Nanoscale science and computing is concerned with the architectures and design of molecular self-assembly, nanostructures and molecular devices, and with understanding and exploiting the computational processes of biomolecules in nature. This book provides an authoritative survey on the research in nanoscale science, engineering and computing
Emergence of function in molecular assemblies by Rigoberto Gaitán-Hernández( Book )

1 edition published in 2008 in English and held by 4 WorldCat member libraries worldwide

Towards potent gene silencing tools: Peptidomimetic transfection agents for siRNA delivery by Yeliz Utku( )

1 edition published in 2009 in English and held by 4 WorldCat member libraries worldwide

RNA interference (RNAi) techniques hold forth great promise for therapeutic silencing of deleterious genes. However, clinical applications of RNAi require the development of safe and efficient methods for intracellular delivery of small interfering RNA (siRNA) oligonucleotides specific to targeted genes. We describe the use of a lipitoid, a cationic oligopeptoid-phospholipid conjugate, for non-viral transfection of synthetic siRNA oligos in cell culture. This peptidomimetic delivery vehicle allows for efficient siRNA transfection in a variety of human cell lines with negligible toxicity and promotes extensive downregulation of the targeted genes at both the protein and the mRNA level. We compare the lipitoid reagent to a standard commercial transfection reagent. The lipitoid is highly efficient even in primary IMR-90 human lung fibroblasts in which other commercial reagents are typically ineffective. Electron microscopy imaging data reveals that lipitoid molecules interact with siRNA oligonucleotides to form well-defined, spherical complexes in the nanometer range. The morphology of these complexes is shown to be dependent on various physiological parameters, which can be readily controlled in the lipitoid-siRNA delivery system. We associate the physical properties to the biological activity of the complexes, concluding that the charge ratio and size of the complexes are of critical importance to attain RNAi effects. These findings are critical to the development of well-controlled, efficient delivery systems. Due to the tunable nature of the peptidomimetic region, this system can be further elaborated to display ligands for the targeting of the complexes to specific tissues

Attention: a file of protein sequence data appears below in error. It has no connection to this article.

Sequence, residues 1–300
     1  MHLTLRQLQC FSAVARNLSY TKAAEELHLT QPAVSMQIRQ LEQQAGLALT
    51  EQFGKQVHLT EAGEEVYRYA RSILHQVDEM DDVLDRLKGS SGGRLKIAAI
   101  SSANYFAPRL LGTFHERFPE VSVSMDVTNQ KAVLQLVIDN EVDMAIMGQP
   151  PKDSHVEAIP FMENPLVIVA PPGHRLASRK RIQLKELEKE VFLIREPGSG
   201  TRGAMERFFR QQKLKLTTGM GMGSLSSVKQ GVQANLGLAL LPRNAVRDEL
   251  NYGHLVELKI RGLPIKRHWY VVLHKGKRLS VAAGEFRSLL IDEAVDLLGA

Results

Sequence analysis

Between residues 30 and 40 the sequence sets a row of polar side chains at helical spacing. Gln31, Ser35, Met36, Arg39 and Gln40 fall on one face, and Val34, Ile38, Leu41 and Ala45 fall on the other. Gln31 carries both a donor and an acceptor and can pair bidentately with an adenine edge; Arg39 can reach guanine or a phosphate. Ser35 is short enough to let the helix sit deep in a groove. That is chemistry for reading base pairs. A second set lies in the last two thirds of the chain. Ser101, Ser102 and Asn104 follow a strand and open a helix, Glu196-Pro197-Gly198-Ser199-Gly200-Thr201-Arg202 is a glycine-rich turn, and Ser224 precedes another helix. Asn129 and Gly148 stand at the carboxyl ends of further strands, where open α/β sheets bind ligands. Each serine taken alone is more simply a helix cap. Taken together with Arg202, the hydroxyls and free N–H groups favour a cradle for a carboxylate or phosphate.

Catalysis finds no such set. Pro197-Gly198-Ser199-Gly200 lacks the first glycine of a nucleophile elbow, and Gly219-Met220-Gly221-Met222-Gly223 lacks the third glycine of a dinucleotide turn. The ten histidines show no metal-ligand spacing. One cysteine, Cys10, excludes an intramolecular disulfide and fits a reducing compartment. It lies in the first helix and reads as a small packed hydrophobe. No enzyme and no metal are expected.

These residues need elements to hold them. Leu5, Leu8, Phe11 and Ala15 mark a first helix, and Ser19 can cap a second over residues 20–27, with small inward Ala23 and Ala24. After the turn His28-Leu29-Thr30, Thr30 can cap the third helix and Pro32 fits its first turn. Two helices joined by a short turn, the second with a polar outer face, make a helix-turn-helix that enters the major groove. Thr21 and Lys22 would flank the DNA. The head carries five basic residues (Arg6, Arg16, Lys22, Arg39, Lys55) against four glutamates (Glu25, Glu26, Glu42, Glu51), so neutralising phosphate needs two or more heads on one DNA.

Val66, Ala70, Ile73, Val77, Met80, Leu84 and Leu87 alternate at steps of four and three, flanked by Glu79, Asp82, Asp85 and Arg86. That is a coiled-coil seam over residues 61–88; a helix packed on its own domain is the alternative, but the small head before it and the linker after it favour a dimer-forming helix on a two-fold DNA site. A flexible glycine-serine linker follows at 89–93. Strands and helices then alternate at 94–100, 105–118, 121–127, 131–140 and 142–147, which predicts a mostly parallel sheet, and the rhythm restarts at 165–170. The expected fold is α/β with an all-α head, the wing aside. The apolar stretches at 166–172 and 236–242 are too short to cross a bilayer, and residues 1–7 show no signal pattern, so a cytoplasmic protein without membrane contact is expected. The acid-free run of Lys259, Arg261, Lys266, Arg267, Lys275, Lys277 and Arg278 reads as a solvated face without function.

Protein driven DNA nanomechanical devices by Wanqiu Shen( )

1 edition published in 2004 in English and held by 3 WorldCat member libraries worldwide

In Chapter 2, a DNA nanomechanical device has been developed by linking two DNA TX motifs by a shaft of conventional double helical DNA that connects their top domains. This shaft contains the binding site for integration host factor, IHF. When IHF binds to its site on the DNA shaft, it bends it markedly. This bending is monitored by fluorescence resonance energy transfer. We have added a second double helical portion to the bottom domains. This second double helix is nicked near its central region on both strands, creating a 'sticky end'. By relocating the nicks, we are able to estimate the amount of free energy available to do work when IHF binds to the device. We find that the available free energy is about 7 kcal/mol
DNA nanotechnology in biology and chemistry by Shiping Liao( )

1 edition published in 2005 in English and held by 3 WorldCat member libraries worldwide

We developed a DNA nanomechanical device that enables the positional synthesis of products whose sequences are determined by the state of the device. This machine emulates the translational capabilities of the ribosome. The device has been prototyped to make specific DNA sequences. The state of the device is established by the addition of DNA set strands. There is no transcriptional relationship between the set strands and the product strands. The device has potential applications that include designer polymer synthesis, encryption of information, and use as a variable-input device for DNA-based computation